Think about the Second Luminous Mystery of the Rosary and Jesus’ miracle at Cana.  We see Jesus’ ability to perform miracles and turn potential disaster (a wedding without booze, oh no!) into overflowing joy.  That miracle is a great metaphor for what happens to our souls in the Sacrament of Reconciliation.  God, through the Holy Spirit, takes our broken, damaged soul and miraculously transforms it into a pure one filled with hope, joy, and grace.  Mary asked Jesus to perform a miracle at Cana.  And, whenever we enter that confessional, we ask Him to perform a miracle too.

Next we turn to the Third Glorious Mystery of the Rosary — the descent of the Holy Spirit.  Why is a hardened heart such a grave offense?  Remember, the Holy Spirit is one part of the Holy Trinity.  So rejecting the power and authority of the Holy Spirit is rejecting God.  And what’s mortal sin but the total rejection of God?  By thinking that God can’t or won’t forgive us, we reject His supremacy over His creation.  We are saying that we, the created, are capable of actions that are beyond God’s control.  When we pray this Rosary mystery, let’s not only think of the Holy Spirit as our guide but also remember that He’s also God as part of the Holy Trinity.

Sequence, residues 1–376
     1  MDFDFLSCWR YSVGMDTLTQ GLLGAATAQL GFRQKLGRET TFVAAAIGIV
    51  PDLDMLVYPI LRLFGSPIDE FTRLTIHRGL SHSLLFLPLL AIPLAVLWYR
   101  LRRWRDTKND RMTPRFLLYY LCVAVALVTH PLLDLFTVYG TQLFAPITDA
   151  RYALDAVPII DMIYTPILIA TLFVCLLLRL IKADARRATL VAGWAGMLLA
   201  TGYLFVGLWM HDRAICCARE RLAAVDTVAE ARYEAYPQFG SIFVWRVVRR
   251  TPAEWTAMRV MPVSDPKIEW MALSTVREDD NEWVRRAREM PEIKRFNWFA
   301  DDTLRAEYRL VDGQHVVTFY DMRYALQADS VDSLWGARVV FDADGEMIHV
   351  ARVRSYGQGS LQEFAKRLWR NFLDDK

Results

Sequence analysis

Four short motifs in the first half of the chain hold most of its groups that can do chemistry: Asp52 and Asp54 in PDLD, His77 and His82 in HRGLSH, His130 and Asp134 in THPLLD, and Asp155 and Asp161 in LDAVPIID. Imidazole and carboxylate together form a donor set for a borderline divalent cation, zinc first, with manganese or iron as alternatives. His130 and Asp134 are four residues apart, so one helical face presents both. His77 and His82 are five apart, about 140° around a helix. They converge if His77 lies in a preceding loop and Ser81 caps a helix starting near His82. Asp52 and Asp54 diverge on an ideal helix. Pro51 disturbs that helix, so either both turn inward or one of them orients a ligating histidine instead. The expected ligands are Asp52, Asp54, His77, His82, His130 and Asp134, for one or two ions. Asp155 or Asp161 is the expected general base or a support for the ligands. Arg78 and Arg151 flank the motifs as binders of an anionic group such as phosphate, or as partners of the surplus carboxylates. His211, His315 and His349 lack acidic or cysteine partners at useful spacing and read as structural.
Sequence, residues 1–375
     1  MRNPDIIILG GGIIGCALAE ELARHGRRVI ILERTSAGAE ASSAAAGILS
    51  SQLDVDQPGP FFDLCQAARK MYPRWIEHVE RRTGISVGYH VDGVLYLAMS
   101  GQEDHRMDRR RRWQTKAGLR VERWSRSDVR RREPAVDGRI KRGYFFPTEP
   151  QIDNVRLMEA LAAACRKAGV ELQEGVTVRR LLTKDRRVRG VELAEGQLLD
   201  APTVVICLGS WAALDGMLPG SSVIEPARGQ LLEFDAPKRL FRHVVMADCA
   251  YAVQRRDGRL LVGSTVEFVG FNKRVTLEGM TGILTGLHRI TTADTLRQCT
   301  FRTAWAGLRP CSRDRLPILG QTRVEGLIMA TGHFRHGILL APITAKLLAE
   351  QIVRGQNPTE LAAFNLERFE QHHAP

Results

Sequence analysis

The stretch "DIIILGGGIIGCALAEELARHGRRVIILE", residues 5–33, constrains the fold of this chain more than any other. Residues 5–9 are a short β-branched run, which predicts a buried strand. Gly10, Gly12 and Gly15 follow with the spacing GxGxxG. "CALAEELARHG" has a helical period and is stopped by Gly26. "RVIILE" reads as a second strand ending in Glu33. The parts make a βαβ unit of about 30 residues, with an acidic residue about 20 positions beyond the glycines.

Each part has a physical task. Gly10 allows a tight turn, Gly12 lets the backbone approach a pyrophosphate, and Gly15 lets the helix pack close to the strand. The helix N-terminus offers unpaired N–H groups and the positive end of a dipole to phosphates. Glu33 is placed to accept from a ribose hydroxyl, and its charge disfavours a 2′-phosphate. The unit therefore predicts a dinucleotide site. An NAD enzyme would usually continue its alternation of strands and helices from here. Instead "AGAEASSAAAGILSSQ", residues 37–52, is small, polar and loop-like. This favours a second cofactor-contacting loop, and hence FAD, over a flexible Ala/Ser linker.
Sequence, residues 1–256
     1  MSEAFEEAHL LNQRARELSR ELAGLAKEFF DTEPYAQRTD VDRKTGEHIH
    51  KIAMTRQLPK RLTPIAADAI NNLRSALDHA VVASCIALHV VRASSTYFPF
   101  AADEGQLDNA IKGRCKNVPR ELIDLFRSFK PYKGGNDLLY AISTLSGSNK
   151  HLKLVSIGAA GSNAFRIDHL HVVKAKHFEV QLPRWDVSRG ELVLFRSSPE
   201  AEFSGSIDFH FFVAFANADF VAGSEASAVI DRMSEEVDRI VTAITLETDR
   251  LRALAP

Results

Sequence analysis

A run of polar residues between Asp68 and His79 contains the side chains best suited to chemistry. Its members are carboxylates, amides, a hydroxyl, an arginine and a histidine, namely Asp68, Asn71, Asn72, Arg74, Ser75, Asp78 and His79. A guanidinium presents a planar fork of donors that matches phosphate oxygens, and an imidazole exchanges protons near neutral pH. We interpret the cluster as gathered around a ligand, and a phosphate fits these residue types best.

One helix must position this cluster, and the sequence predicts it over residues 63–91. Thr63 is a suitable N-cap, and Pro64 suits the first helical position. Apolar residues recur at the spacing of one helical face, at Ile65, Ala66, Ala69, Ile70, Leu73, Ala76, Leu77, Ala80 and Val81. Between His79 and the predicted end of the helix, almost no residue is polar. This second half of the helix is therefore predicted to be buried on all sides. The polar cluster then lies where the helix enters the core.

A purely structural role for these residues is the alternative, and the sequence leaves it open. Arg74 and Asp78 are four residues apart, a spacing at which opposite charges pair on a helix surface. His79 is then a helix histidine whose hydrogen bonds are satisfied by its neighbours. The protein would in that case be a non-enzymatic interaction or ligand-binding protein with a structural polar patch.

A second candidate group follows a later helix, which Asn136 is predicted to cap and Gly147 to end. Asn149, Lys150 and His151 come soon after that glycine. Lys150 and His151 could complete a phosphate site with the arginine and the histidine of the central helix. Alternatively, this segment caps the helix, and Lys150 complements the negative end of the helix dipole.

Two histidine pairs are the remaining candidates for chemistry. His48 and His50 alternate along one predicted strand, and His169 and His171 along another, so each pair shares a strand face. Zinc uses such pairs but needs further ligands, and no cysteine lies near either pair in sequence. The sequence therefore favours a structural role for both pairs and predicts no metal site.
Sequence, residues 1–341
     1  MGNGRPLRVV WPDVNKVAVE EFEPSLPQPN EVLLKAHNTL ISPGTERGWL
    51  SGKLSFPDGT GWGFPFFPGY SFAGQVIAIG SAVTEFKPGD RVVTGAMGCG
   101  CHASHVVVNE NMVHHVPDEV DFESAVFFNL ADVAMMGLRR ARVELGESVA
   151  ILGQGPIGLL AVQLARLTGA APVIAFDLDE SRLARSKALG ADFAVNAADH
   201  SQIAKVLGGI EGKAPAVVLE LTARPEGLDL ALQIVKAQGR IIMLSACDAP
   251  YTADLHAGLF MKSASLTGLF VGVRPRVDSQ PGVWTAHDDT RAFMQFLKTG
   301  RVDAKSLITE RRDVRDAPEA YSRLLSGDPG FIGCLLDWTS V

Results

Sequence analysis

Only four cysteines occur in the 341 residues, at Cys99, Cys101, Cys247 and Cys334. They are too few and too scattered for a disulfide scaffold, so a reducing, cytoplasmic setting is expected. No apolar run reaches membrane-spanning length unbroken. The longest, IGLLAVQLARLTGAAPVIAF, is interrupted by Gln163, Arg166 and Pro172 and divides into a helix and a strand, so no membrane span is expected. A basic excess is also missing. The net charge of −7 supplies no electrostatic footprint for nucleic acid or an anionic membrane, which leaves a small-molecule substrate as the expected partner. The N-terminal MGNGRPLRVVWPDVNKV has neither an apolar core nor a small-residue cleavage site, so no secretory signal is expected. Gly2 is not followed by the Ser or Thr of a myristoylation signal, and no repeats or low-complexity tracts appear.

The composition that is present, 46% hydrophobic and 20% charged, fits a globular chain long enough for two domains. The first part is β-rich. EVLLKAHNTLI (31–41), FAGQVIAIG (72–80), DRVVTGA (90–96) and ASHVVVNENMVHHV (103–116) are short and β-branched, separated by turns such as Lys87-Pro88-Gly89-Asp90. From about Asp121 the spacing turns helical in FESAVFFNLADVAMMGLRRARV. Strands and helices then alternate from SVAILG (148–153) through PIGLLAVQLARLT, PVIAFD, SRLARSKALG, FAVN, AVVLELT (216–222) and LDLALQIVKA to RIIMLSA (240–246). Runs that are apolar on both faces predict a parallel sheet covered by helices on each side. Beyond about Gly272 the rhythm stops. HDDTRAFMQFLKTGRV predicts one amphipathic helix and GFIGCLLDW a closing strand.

Finally, the Fifth Sorrowful Mystery — Jesus’ Crucifixion.  There’s actually two things to consider.  First, Jesus is so willing to forgive that He asked God to forgive the ones who crucified Him.  For most of us, our sins will probably never be as grave as murdering God’s begotten Son.  If God can forgive that, He can forgive anything we do.

Also, the criminal crucified next to Jesus simply asked Jesus to remember him.  And Jesus proclaimed that the criminal would be with Him in paradise.  Again, ask Jesus anything with a meek and humble heart and Jesus will respond.

Okay, now that we’ve talked about the power of God, Jesus, and the Holy Spirit, I’ll end on a more light-hearted note.  Here’s a clip from The Simpsons about the limits of God’s power.

The Pope’s June Intention: RESPECT

My wife and I spend a lot of time teaching our boys about respect; respecting adults as well as respecting each other. That usually means lessons about listening, responding, and following directions. When we don’t follow directions and do what is expected of us, we aren’t respecting others. We need to listen and acknowledge what people are saying and can’t ignore them. We need to understand that sometimes people have deadlines and multiple priorities and so we need to show respect by providing our full cooperation.

Pope Francis’ June intention is, “That social networks may work towards that inclusiveness which respects other for their differences.” The key word in the pope’s intention is respect. The easiest way to think about respect is to remember the Golden Rule — treat others as you want to be treated. Or, as Jesus said, “Love your neighbor as yourself.”

Respect isn’t only about loving those we see and interact with. We also need to respect Jesus and His Church. We need to listen to Him, talk to Him, and follow His instructions. We can’t say we follow and respect Jesus if we do the opposite of how He asks us to live. By sinning, we are showing disrespect. We are like little kids ignoring our father’s directions.